Then again, we should probably reconsider and put our budget elsewhere. But it's a good starting point. The A to E framework, just to start culling down what I'm sure are hundreds of ideas stored on the person listening to this's trello board or ClickUp or whatever to something to the ones that are kind of a little bit more fully formed and arguably ready to drive results.
Yeah, we have an Asana board of I think I just called it backlog. It's not very exciting, but that's where we dump all of our great ideas. One thing that I think for me at least, what I've noticed is the last one is usually the tuckest is just how are we actually going to measure this? At the end of the day, what is that end result? That we'll know this succeeded. And I think that's often where our ideas tend to get stuck. So that's a good framework to just keep in mind before kind of spinning your wheels and spending time on something that might not give you the results you're looking for anyway, you'd think?
I mean, logically, I'm sure anyone listening to that framework would think that end result is probably the most important. Like, if we can't determine what success looks like, then we probably shouldn't do it. But again, like we were talking about earlier, there are thousands of brands out there that will spank hundreds of thousands of dollars on a trade show booth without really knowing whether or not we're going to be able to determine success. Like, that conversation is just never had, right? Because maybe we're doing it because we've always done it or our competitors do it, or if we don't do it this year, people will think that our business is failing because whatever, that's not in my book, good enough, right?
Especially when we're spending such a huge amount of money on certain initiatives. If a conversation isn't had with the marketing team and the wider executive team on what success looks like, something is seriously wrong within the culture of that business.
From my perspective, it's shifting. I know a lot of people were getting away with that a couple of years ago. I think it's a smaller list of companies that are blowing budgets that way now. So it's going to be a big change for a lot of people, I think.
And for that framework, if anyone wants to hear more I know, Jason, you got into much more detail about the framework on another podcast called Marketing Power Up. So I'll link that in the show notes if anyone wants to go check that out. So looking ahead to the rest of this year or maybe next year, is there anything that you're really looking forward to or something that you think will be really exciting in the B? Two b space.
The clients that I work with, I'm very fortunate in that a lot of the organizations, they have the capacity, the willingness the drive to try out new initiatives because maybe they're working in sectors that are slightly sheltered from the economic crisis that is facing a lot of businesses in tech. And I feel like it's this kind of anecdote that the best businesses are built in times of recession. For example, like Airbnb back in 2008.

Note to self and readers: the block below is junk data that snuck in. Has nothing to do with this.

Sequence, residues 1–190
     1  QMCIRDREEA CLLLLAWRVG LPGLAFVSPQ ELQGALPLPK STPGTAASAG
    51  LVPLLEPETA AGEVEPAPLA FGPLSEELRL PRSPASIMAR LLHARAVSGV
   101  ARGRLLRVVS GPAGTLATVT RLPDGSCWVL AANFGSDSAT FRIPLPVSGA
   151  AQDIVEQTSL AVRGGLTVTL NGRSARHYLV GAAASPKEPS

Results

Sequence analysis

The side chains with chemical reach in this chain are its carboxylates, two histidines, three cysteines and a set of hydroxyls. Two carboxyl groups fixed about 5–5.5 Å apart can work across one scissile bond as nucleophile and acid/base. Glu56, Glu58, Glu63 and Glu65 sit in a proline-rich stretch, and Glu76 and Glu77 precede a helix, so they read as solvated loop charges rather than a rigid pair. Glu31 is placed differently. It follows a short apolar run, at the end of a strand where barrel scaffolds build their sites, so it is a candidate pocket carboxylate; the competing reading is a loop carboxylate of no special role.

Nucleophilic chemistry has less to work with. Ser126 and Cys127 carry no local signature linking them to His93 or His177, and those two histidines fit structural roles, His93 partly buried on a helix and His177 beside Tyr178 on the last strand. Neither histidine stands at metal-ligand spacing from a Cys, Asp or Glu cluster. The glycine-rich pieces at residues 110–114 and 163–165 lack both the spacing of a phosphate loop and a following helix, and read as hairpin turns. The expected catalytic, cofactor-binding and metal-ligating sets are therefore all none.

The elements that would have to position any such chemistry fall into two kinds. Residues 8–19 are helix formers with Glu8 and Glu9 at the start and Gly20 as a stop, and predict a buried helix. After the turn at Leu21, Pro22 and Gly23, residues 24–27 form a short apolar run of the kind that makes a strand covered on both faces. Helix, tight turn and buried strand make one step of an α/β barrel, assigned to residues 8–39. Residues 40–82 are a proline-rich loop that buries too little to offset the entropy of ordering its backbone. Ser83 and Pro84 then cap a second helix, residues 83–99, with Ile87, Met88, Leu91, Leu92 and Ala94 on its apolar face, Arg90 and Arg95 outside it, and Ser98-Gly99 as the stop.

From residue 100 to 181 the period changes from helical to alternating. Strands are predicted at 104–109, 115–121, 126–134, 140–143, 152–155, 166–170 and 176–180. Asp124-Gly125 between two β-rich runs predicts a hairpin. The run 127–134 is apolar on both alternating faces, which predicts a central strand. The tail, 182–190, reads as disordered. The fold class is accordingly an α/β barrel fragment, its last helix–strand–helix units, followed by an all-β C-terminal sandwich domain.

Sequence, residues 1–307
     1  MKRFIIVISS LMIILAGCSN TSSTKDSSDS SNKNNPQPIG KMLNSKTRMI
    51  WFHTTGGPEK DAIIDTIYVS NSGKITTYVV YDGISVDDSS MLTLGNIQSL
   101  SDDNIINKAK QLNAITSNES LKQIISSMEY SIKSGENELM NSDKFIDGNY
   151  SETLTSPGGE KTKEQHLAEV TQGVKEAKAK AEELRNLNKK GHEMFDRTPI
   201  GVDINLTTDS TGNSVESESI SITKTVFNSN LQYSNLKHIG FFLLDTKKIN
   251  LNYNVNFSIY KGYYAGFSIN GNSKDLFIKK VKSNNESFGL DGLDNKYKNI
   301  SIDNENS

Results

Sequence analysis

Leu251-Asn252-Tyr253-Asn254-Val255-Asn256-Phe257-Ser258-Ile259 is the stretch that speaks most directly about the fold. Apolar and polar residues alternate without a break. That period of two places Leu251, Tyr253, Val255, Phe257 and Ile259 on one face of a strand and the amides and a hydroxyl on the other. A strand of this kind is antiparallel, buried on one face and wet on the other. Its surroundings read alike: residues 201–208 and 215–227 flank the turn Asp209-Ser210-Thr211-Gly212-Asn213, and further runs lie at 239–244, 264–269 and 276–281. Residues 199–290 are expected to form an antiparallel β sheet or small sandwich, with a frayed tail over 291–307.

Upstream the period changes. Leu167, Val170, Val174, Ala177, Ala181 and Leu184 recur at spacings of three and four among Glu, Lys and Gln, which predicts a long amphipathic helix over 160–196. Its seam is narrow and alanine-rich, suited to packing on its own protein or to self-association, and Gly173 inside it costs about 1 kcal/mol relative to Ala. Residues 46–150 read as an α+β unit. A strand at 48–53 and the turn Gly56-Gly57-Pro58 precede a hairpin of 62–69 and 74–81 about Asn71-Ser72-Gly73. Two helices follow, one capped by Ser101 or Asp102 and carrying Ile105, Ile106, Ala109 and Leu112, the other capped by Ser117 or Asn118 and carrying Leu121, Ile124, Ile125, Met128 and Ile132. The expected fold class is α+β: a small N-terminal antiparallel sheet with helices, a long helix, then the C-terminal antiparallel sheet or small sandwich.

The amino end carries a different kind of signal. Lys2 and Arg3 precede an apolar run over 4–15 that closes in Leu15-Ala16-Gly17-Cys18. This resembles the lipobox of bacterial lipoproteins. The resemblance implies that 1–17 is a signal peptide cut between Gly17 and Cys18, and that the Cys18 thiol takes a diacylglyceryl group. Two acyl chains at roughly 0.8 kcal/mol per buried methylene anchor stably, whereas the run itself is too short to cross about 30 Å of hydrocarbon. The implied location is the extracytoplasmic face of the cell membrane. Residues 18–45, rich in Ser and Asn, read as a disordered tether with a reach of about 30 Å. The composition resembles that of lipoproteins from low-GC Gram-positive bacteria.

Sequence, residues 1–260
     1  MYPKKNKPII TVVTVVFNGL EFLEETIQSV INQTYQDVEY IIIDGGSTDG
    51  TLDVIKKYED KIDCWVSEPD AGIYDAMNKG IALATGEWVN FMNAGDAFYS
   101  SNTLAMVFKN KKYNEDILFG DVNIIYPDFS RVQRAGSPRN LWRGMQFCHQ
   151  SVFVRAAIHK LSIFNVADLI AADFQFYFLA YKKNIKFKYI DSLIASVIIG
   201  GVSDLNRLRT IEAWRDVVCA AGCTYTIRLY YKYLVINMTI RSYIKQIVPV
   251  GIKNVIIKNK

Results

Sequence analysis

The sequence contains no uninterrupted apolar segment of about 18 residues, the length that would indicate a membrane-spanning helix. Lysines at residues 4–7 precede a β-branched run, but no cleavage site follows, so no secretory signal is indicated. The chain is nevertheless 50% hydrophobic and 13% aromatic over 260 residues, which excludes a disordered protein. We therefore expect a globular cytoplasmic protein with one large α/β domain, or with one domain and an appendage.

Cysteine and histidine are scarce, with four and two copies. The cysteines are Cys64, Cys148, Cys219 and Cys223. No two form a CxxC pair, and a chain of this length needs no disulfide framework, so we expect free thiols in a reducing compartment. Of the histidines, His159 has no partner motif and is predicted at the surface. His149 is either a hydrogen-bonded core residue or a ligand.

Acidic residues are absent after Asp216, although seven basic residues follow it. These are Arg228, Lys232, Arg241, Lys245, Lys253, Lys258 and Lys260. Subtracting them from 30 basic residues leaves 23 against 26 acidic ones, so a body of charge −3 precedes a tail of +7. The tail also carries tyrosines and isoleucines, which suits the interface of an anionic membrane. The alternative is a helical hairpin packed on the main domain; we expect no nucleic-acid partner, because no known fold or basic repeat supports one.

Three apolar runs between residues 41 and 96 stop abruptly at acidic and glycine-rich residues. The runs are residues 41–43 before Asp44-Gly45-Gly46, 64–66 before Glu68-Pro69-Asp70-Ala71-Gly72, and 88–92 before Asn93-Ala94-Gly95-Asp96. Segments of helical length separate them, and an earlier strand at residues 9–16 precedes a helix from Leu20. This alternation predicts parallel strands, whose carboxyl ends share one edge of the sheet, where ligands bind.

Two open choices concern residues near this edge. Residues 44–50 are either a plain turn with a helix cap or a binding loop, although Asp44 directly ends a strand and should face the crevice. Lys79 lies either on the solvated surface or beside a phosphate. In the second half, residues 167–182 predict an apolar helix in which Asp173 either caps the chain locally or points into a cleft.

I'm really excited that a lot of the companies that I'm working with, they're starting to put into place the real strong foundations for building out kind of owned media strategies for the long term, which I'm really enjoying getting my teeth stuck into. I'm also enjoying as a new business owner, kind of figuring out how AI can help me be better. I'm not in the camp of using something like Chachi PT to create content, but I am really excited to figure out ways in which it can aid me and the businesses that I work with in just kind of streamlining some of their operations.
A lot of the companies I work with are big businesses, but from a marketing spend perspective, it's still relatively early days. So we're not talking about huge budgets, we're not talking about dozens of marketers on staff. It's maybe like one marketing lead and a half a million dollar budget to do everything. So kind of if they're launching a podcast, for example, figuring out ways in which AI can just kind of almost give them like two or three additional employees, like virtual artificial intelligence employees, just to help them get more through the door is something I'm experimenting a lot with at the moment and I find really interesting and really exciting.
That's awesome. Yeah, I was definitely a skeptic, especially the people that were trying to write blog posts with AI right off the bat and got really excited about all that original content it could create. I was never on board with that, but things like a podcast recap, for example. I've been really impressed with just how much time it saves. I used to block an hour a week to do that and now it's so much quicker.